Enhanced antimicrobial activity based on a synergistic combination of sublethal levels of stresses induced by UV-A light and organic acids

Article


de Oliveira, E., Cossu, A., Tikekar, R. and Nitin, N. 2017. Enhanced antimicrobial activity based on a synergistic combination of sublethal levels of stresses induced by UV-A light and organic acids. Applied and Environmental Microbiology. 83 (11). https://doi.org/10.1128/aem.00383-17
TypeArticle
TitleEnhanced antimicrobial activity based on a synergistic combination of sublethal levels of stresses induced by UV-A light and organic acids
Authorsde Oliveira, E., Cossu, A., Tikekar, R. and Nitin, N.
Abstract

The reduction of microbial load in food and water systems is critical for their safety and shelf life. Conventionally, physical processes such as heat or light are used for the rapid inactivation of microbes, while natural compounds such as lactic acid may be used as preservatives after the initial physical process. This study demonstrates the enhanced and rapid inactivation of bacteria based on a synergistic combination of sublethal levels of stresses induced by UV-A light and two food-grade organic acids. A reduction of 4.7 ± 0.5 log CFU/ml in Escherichia coli O157:H7 was observed using a synergistic combination of UV-A light, gallic acid (GA), and lactic acid (LA), while the individual treatments and the combination of individual organic acids with UV-A light resulted in a reduction of less than 1 log CFU/ml. Enhanced inactivation of bacteria on the surfaces of lettuce and spinach leaves was also observed based on the synergistic combination. Mechanistic investigations suggested that the treatment with a synergistic combination of GA plus LA plus UV-A (GA+LA+UV-A) resulted in significant increases in membrane permeability and intracellular thiol oxidation and affected the metabolic machinery of E. coli. In addition, the antimicrobial activity of the synergistic combination of GA+LA+UV-A was effective only against metabolically active E. coli O157:H7. In summary, this study illustrates the potential of simultaneously using a combination of sublethal concentrations of natural antimicrobials and a low level of physical stress in the form of UV-A light to inactivate bacteria in water and food systems.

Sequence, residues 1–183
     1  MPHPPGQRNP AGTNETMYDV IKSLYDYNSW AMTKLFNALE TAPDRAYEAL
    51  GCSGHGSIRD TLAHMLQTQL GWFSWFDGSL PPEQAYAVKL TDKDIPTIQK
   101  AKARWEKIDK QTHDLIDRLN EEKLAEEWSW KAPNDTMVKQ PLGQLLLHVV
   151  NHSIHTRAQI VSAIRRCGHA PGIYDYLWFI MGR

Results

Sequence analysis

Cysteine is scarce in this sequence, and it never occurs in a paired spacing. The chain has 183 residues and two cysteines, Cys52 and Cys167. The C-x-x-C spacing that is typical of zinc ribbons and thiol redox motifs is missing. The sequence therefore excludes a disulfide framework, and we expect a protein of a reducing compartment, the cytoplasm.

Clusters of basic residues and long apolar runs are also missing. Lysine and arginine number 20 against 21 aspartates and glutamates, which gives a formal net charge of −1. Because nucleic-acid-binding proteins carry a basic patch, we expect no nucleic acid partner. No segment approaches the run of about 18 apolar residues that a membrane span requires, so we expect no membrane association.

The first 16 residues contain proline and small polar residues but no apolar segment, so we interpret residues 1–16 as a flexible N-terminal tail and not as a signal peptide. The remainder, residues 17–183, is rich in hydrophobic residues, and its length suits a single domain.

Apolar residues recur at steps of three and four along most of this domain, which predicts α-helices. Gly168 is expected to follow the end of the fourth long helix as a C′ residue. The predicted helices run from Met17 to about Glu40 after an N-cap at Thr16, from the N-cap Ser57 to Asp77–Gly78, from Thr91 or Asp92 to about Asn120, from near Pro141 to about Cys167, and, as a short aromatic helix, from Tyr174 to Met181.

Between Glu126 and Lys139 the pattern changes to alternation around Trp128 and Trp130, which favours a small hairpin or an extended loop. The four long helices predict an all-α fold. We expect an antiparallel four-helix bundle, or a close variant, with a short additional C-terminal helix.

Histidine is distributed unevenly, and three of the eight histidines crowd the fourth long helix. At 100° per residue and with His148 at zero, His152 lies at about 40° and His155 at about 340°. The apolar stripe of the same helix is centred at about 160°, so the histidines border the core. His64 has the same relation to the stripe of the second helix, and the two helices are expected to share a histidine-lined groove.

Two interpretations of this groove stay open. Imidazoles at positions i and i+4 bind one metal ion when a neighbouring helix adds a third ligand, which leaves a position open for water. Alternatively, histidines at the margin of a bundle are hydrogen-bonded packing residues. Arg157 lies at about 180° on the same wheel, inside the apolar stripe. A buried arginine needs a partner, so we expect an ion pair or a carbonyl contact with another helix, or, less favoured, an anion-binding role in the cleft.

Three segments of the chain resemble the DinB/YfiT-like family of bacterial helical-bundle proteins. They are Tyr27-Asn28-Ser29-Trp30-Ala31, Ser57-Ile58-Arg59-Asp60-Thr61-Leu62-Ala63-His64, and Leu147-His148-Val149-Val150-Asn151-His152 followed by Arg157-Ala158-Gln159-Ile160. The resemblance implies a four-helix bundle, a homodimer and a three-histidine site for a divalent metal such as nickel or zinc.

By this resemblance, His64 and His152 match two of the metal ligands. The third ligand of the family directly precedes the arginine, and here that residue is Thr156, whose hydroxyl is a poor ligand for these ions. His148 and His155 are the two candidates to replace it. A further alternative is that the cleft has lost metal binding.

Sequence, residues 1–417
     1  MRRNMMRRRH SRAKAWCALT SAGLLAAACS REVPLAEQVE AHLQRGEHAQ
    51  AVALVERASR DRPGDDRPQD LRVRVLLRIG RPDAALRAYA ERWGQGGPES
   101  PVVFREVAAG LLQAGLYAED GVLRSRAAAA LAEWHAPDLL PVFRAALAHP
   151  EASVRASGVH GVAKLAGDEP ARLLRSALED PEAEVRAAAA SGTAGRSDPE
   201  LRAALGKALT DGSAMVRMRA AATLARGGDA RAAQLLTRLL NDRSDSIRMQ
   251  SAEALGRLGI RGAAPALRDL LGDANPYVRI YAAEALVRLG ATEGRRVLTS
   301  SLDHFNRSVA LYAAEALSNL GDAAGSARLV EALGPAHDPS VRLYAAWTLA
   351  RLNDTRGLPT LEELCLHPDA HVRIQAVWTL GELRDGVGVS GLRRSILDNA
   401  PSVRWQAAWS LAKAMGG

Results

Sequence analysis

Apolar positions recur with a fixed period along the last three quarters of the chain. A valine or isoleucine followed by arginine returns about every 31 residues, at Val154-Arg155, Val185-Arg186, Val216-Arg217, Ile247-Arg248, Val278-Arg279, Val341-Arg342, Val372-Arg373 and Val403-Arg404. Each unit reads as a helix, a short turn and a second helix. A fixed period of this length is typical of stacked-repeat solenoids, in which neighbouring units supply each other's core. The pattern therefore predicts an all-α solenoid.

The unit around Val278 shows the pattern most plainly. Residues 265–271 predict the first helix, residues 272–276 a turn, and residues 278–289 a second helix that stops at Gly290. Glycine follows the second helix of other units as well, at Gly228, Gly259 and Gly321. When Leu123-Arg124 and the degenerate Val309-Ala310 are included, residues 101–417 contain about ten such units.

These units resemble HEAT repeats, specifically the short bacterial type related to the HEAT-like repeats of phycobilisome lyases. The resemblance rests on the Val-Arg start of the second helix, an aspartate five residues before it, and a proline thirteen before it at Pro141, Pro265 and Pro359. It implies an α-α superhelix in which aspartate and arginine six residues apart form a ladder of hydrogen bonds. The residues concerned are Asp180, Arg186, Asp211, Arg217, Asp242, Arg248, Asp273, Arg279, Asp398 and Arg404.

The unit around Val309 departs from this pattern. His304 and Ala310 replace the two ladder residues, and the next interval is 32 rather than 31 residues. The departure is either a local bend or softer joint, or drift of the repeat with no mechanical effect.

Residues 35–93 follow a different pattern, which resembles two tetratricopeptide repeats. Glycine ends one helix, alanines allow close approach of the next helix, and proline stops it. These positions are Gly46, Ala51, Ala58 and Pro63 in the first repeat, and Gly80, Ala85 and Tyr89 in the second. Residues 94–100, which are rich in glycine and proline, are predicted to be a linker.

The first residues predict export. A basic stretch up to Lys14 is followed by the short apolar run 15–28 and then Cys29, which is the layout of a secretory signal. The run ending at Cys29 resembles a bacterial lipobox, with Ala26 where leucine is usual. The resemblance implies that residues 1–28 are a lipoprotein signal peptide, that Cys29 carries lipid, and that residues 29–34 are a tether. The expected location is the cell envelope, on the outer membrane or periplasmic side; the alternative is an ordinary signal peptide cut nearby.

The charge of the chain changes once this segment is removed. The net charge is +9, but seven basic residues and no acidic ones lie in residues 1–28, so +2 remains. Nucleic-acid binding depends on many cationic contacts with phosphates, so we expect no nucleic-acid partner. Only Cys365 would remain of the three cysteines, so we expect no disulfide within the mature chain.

IMPORTANCE There is a critical unmet need to improve the microbial safety of the food supply, while retaining optimal nutritional and sensory properties of food. Furthermore, there is a need to develop novel technologies that can reduce the impact of food processing operations on energy and water resources. Conventionally, physical processes such as heat and light are used for inactivating microbes in food products, but these processes often significantly reduce the sensory and nutritional properties of food and are highly energy intensive. This study demonstrates that the combination of two natural food-grade antimicrobial agents with a sublethal level of physical stress in the form of UV-A light can greatly increase microbial load inactivation. In addition, this report elucidates the potential mechanisms for this synergistic interaction among physical and chemical stresses. Overall, these results provide a novel approach to develop antimicrobial solutions for food and water systems.

Keywordsfood-grade antimicrobial; gallic acid; lactic acid; microbial inactivation; sublethal stress; UV-A; light synergism
LanguageEnglish
PublisherAmerican Society for Microbiology
JournalApplied and Environmental Microbiology
ISSN0099-2240
Electronic1098-5336
Publication dates
Online17 May 2017
Print01 Jun 2017
Publication process dates
Deposited25 Nov 2019
Accepted27 Mar 2017
Output statusPublished
Digital Object Identifier (DOI)https://doi.org/10.1128/aem.00383-17
Scopus EID2-s2.0-85019937552
Web of Science identifierWOS:000401471600013
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